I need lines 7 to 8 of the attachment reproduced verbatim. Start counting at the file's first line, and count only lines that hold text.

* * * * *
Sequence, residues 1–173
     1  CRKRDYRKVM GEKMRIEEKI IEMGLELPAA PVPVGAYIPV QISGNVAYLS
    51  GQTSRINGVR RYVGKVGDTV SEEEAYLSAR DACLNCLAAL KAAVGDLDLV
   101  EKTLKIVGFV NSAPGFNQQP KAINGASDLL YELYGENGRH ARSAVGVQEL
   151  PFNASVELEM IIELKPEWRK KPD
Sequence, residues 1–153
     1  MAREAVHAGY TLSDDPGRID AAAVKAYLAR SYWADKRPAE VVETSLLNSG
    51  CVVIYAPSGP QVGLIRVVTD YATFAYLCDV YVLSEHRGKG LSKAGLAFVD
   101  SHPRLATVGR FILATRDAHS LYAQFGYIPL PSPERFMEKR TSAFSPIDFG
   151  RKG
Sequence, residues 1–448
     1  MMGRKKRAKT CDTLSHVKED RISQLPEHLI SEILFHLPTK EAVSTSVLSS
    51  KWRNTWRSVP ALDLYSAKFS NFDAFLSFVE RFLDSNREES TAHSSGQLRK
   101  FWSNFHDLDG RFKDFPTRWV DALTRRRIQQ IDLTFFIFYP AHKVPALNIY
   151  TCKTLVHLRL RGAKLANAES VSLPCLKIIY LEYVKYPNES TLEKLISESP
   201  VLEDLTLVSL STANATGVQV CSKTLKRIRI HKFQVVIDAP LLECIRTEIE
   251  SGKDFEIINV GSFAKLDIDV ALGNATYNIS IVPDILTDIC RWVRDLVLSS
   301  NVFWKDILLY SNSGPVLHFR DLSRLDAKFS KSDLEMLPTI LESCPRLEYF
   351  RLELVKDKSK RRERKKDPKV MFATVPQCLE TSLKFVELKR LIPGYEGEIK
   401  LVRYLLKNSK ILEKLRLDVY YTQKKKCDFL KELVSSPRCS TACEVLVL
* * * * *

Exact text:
     1  MAREAVHAGY TLSDDPGRID AAAVKAYLAR SYWADKRPAE VVETSLLNSG
    51  CVVIYAPSGP QVGLIRVVTD YATFAYLCDV YVLSEHRGKG LSKAGLAFVD